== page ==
NOAA Honors Fishery Management Councils
On January 30, 2012, NOAA and NOAA Fisheries honored the eight fishery management councils for their role in shaping the science-based management of U.S. fisheries and the historic milestone to be achieved this year with the implementation of annual catch limits on all federally managed fisheries. These eight councils and the challenges unique to each of their regions, have developed the diverse innovations in management and science that defines U.S. fisheries.
Presided over by the Under Secretary for Oceans and Atmosphere, Jane Lubchenco, Ph.D., recognized each council with a plaque for their unique contributions to managing the nation’s fisheries.
“In recognition of the Council’s commitment and exemplary public service to the nation by establishing annual catch limits to prevent overfishing, strengthen science-based management and ensure sustainability of our nation’s fisheries. "
The North Pacific Council are innovators of many science and management tools that are now hallmarks of sustainably managed fisheries. Once known for its “race-for-fish,” today the North Pacific has become the model for sustainable fisheries worldwide. It is home to some of the largest, most sustainable fisheries feeding the world.
The Pacific Council has a rich history of leading the way to help build the responsive management strategies we see today. Early on, they committed to science-based management. They set conservative harvests in times of uncertainty. They embraced cooperative efforts with fishermen to innovate management strategies and scientific research. The result? A West coast groundfish fishery that is one of the most progressive management plans for rebuilding vulnerable species and sustainably harvesting others, while keeping fishermen in their jobs.
The Western Pacific council takes complexity to a whole new level. This region is vast: international waters, multiple island-nation cultures, diverse socio-economic demographics, and a broad spectrum of fisheries – from artisanal to recreational to commercial. It is also home to some of the most diverse and fragile marine habitats, charismatic and protected marine species, and iconic highly migratory fisheries. The Western Pacific Council has provided strong leadership on our international Pacific Basin sustainable fishery efforts.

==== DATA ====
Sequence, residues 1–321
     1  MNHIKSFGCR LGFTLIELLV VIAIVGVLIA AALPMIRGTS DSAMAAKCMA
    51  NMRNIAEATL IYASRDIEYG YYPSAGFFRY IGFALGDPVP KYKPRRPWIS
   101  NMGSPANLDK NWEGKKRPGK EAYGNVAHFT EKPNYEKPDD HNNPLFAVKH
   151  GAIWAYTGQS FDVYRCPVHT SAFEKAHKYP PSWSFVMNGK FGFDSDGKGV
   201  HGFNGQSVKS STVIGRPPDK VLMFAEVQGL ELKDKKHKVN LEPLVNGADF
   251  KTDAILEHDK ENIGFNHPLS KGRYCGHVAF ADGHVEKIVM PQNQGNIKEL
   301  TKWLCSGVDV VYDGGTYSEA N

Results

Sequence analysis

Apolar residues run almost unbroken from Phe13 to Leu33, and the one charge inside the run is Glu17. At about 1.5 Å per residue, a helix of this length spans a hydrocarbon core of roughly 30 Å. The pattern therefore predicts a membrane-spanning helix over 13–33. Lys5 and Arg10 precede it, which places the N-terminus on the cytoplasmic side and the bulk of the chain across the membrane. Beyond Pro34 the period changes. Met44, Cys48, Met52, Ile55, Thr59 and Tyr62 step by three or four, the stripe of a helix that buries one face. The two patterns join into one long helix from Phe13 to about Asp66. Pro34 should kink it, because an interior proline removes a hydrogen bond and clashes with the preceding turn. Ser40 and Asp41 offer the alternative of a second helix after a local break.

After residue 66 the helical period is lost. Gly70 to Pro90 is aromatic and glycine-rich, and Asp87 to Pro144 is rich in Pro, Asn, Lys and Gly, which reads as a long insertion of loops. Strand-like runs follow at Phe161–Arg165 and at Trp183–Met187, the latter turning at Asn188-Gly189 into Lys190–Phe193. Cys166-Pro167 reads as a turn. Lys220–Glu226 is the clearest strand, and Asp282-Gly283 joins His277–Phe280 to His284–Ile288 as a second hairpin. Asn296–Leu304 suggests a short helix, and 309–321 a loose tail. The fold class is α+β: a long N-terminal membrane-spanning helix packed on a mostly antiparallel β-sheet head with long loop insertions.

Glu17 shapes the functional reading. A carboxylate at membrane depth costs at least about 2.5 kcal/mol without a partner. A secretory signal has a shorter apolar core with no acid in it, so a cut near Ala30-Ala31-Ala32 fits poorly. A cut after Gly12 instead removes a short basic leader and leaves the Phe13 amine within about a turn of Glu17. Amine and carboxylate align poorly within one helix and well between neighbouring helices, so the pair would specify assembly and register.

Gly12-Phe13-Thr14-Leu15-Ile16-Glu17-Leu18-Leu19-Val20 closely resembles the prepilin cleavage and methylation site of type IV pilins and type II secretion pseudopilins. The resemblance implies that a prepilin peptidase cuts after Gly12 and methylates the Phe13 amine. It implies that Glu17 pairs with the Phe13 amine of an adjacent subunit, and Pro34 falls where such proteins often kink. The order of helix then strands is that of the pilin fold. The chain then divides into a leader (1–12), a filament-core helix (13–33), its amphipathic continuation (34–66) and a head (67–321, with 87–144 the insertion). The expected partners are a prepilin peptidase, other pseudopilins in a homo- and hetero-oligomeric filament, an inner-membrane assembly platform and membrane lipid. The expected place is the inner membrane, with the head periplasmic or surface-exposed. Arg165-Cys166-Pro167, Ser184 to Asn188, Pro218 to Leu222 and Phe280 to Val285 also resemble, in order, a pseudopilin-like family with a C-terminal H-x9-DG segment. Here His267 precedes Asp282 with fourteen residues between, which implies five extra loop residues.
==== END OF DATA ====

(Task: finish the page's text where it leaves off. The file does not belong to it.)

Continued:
The Gulf of Mexico has been a battleground for a number of high profile challenges – from bycatch, complex allocation issues between recreational and commercial fishermen, to repeated disasters – both natural and man-made. Through numerous challenges, the Gulf Council was and still is a proving ground for cooperative research, development of bycatch reduction technologies, and remote monitoring that have moved sustainable fishing practices forward.
The Caribbean Council reaches out to the global community of island nations on sustainable management of marine resources. These communities are intimately connected to the natural world around them. But they are not always in tune with the global impacts of the choices they make. Through the council process, the Caribbean is now an important partner in tackling the complex ecological and economic challenges facing our Caribbean fishing communities.
The South Atlantic Council experienced some of the more difficult challenges of balancing recreational and commercial uses in some of our nation’s older fisheries. Despite these challenges, the south Atlantic recognized early on the need for ecosystem-based approaches to fisheries management. Some of the earliest strategies for protecting valuable fish and coral habitats, while allowing for sustainable fishing, were implemented in the South Atlantic.
The Mid-Atlantic Council is unique: seven densely populated states, federally managed fisheries in both state and federal waters, and fisheries shared by recreational and commercial users. The Mid-Atlantic Council navigates the complexity of closely coordinating with many states across multiple needs to advance and achieve the national goals for sustainably managing their shared fisheries.
As home to the nation’s iconic ‘founding fish’ – cod – the New England Council represents our nation’s oldest fisheries and the culture and communities that embody them. Inheriting the results of hundreds of years of chronic overfishing, more than any other council, New England has been an architect in building the bridges between fishing practices of the past and sustainable practices for a future. It has been a long and difficult road. I commend everyone on the council for their contributions to achieving our national goal.
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